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CRISTINA COLICHÓN Dibujos sobre pared (from the series Drawings on a wall) Detail, cotton and enameled copper weavings, dimensions variable, 2012. Photo: Daniel Benaim.

PILAR TOBÓN Kimono II (from the collection Homage to Kimono) Personal technique on organza, linen and aluminum, 110.24" x 47.24", 2009. Photo: Enrique Abal.

Since then, Redtextilia organized its First Encounter conference in Costa Rica in 2010, and the WTA has organized biennials in Argentina (2009), Mexico (2011) and the soon-to-be-held 7th biennial in Medellín, Colombia (2014). Both organizations impact the contexts in which they have evolved in a variety of ways. As a result of these efforts, there has been a growing, active interest in textile materials and dynamics.

The WTA Costa Rican biennial in 2006 brought about the creation of the textile design department at the National University of Costa Rica in 2007, headed by Herberth Bolaños. The creation of Redtextilia inspired the foundation of Chile Crea Textil, presided over by Andrea Fischer. The First Encounter Conference of the Ibero-American Textile Network in 2010 brought together the group of artists and designers who today comprise the Costa Rican Textile Collective, which was invited the following year to represent Costa Rica at the 8th Textile Biennial in Kaunas, Lithuania. The impact of such international exposure has been different every time but these events are definitely drivers of change as they make it possible to materialize textile art for thousands to touch and see, and then demand the changes needed in each country. The Peruvian Center of Textile Art in Lima was founded two years ago, with artist Mary Deacon as its president. The Center seeks to rescue textiles as an active Peruvian treasure, taking into account the impoverished conditions in which many of Peru’s urban and rural artisan weavers live, and the speed with which their ancestral techniques are being lost. The Center LEFT: PABLO PEISINO Expreso calavera (Skull Express) Detail, cotton thread on discarded fabrics, embroidery, 23.6" x 15.7", 2012. Photo by the artist.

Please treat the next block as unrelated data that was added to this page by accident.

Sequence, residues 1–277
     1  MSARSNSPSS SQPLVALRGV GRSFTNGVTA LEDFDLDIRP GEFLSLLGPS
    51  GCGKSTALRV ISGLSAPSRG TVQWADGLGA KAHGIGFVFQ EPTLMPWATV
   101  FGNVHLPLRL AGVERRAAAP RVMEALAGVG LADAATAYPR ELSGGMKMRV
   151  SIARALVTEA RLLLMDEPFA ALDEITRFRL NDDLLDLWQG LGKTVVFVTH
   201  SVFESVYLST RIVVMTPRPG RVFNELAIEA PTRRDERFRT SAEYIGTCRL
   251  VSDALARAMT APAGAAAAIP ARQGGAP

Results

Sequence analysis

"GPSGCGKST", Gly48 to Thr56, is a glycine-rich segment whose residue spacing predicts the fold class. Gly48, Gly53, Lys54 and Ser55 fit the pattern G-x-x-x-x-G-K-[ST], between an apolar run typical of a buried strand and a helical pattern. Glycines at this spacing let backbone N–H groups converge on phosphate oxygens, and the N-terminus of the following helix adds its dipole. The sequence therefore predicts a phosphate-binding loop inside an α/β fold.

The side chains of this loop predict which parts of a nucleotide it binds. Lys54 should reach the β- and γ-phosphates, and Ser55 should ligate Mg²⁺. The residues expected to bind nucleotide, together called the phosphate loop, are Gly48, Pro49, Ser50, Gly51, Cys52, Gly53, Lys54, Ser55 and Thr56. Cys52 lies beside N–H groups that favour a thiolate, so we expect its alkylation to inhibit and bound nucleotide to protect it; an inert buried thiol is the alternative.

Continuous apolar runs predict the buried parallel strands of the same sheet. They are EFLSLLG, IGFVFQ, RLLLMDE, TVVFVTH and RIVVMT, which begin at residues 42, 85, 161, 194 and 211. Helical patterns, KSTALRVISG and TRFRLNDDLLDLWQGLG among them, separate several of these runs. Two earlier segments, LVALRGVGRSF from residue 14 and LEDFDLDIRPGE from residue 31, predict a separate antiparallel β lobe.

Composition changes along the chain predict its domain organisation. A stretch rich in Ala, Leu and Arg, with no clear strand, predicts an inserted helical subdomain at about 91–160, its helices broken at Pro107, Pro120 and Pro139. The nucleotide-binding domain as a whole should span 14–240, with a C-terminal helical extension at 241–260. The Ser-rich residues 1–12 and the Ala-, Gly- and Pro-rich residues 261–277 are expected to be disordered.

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MAXIMO LAURA Diálogo Intimo Con La Madre Alpaca wool, cotton and mixed fibers, handwoven tapestry, 51.2" x 48.8", 2008. Photo: Museo Maximo Laura records, www.museomaximolaura.com.

also communicates how contemporary textile curating in Peru is emerging but still practically nonexistent on the national and international visual arts circuits. Exceptions include Peruvian artists Cristina Colichón, Ella Krepps, and Maximo Laura. Cristina, Peru’s representative at the 2013 Venice Biennale, works Peruvian traditional techniques by reinterpreting the dialog between light and alternative materials, such as nylon, film, and metallic fibers, from a contemporary point of view. With the exception of the recently founded textile design institute in Arequipa, directed by Mariana Masias, fiber-art curriculum is still absent from university-level programs in Peru. It is with satisfaction that I have confirmed, through conversations with the generous collaborators in this research, that our collective efforts are making a difference. Together we are

realizing the sharing and knowledge of Latin America’s creative textile potential. Clearly, the answer to the initial question is to continue to work in solidarity. The 7th International Biennial of Contemporary Textile Art and Design organized by the World Textile Art Organization (WTA) will take place in Medellín, Colombia, from March 5 to April 5, 2014; www.wta-online.org. Argentine Center for Textile Art, www.caat.org.ar Chile Crea Textil www.chilecreatextil.cl European Textile Network, www.etn-net.org Ibero-American Textile Network, www.redtextilia.org

—Paulina Ortiz is a designer, artist, professor of textile design at Universidad Veritas, and president of the Ibero-American Textile Network. She was a juror for Fiberart International 2013, reviewed on page 54 in this issue.

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Latin american textile art in process - Maximo Laura Tapestry Art  

This article was published in The Surface Design Journal (US) www.surfacedesign.org/journal Fall 2013 Volume 38, Number 1 Latin American Fib...